Senate will hold a pro-forma session next week, preventing recess appointments
The Senate will remain in pro-forma session next week, a step that will prevent President Obama from making any recess appointments during the Memorial Day break, including a much-anticipated potential appointment of Elizabeth Warren as head of the Consumer Financial Protection Bureau.
Senate Majority Leader Harry Reid, D-Nev., spokesman Jon Summers said the pro-forma session will occur because Republicans refused to agree to allow the Senate to adjourn, which is normally done by unanimous consent. Summers said Democrats, regardless, were not expecting recess appointments.
All 47 Senate Republicans, including Senate Minority Leader Mitch McConnell, R-Ky., wrote to Reid on Thursday urging him to postpone the week-long Memorial Day recess until Democrats put forward a fiscal 2012 budget plan. Democrats have delayed releasing a budget until deficit-reduction talks led by Vice President Joe Biden run their course. Republicans charge that Democrats have shirked their responsibility to set legislative priorities and draft a plan. The House passed its budget last month.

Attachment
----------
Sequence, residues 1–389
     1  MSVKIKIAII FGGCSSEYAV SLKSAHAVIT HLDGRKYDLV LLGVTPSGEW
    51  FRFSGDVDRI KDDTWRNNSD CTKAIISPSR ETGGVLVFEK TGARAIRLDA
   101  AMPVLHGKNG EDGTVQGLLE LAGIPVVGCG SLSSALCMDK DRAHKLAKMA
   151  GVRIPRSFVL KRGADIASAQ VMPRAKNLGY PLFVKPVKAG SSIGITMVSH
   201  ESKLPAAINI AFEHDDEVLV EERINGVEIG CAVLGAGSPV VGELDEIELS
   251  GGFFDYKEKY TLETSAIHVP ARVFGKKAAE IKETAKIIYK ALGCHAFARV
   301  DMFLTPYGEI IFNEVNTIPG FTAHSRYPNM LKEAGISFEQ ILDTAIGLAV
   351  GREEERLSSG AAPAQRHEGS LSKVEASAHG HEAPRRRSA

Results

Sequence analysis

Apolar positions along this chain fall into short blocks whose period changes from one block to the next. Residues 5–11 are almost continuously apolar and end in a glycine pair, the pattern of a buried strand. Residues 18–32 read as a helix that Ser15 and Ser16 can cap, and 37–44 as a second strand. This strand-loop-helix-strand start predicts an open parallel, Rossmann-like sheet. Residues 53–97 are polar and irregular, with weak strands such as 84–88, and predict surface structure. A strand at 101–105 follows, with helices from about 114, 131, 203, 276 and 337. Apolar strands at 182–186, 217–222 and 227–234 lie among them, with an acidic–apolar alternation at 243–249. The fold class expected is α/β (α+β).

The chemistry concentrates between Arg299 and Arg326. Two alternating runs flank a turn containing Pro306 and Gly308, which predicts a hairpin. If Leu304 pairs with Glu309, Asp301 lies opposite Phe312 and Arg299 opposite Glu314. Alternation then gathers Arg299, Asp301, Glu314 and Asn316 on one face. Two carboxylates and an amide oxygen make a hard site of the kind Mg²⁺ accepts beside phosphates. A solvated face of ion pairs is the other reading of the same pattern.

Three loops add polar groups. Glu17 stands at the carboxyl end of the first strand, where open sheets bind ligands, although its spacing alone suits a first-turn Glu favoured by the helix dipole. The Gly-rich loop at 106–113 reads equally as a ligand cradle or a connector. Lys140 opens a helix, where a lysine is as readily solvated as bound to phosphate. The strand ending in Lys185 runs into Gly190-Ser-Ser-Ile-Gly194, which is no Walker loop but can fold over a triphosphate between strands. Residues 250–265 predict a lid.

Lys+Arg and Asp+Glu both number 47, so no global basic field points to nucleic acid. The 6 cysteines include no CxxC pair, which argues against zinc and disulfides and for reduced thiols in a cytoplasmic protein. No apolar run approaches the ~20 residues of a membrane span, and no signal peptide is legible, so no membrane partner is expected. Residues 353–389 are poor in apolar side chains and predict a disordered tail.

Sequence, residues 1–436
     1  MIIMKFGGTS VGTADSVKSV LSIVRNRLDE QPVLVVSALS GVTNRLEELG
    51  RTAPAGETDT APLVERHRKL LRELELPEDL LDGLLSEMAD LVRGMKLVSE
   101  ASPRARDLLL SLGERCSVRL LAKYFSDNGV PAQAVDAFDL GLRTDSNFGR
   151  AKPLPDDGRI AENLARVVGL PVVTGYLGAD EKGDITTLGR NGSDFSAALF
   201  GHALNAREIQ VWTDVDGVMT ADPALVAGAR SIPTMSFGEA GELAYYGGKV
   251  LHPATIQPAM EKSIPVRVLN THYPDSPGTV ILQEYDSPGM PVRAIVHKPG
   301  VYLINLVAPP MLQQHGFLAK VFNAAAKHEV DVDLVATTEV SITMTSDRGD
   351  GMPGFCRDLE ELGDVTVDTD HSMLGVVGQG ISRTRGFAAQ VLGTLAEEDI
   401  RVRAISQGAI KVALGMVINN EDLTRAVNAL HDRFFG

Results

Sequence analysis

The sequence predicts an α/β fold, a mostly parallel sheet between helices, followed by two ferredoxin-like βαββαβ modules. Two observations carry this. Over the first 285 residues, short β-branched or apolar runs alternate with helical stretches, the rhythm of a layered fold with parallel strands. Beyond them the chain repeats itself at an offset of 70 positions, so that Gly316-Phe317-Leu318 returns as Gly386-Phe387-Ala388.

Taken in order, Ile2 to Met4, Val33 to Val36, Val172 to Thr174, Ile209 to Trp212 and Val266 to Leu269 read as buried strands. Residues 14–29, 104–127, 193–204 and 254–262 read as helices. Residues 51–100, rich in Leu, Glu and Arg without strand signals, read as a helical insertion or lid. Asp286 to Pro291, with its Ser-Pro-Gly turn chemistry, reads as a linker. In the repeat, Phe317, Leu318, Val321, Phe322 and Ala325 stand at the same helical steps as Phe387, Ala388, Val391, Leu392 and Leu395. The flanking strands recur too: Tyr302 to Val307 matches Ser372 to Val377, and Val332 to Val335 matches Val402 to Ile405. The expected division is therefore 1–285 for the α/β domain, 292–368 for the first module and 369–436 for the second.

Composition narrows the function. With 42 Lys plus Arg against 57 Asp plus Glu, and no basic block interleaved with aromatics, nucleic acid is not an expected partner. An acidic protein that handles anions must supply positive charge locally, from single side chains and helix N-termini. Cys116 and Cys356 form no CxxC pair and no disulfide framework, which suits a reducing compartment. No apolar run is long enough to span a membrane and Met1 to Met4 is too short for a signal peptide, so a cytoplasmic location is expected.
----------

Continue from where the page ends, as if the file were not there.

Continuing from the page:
Senate Budget ranking member Jeff Sessions, R-Ala., was the first Republican this week to threaten to object to adjourning without a budget.
Senate GOP leadership aides have previously noted they lack the power to prevent adjournment, saying Democrats can force an adjournment by a majority vote. Several conservative senators this week asked House Speaker John Boehner, R-Ohio, to use a rarely tapped power to prevent the Senate from recessing for more than a few days, thus blocking any appointments. Aides to Boehner and McConnell were considering the request, spokesman for both said Thursday.
"President Obama has been packing federal agencies with left-wing ideologues, but thankfully he won't be able to for at least the next week," Sen. Jim DeMint, R-S.C., who signed the letter to Boehner, said in a statement on Thursday.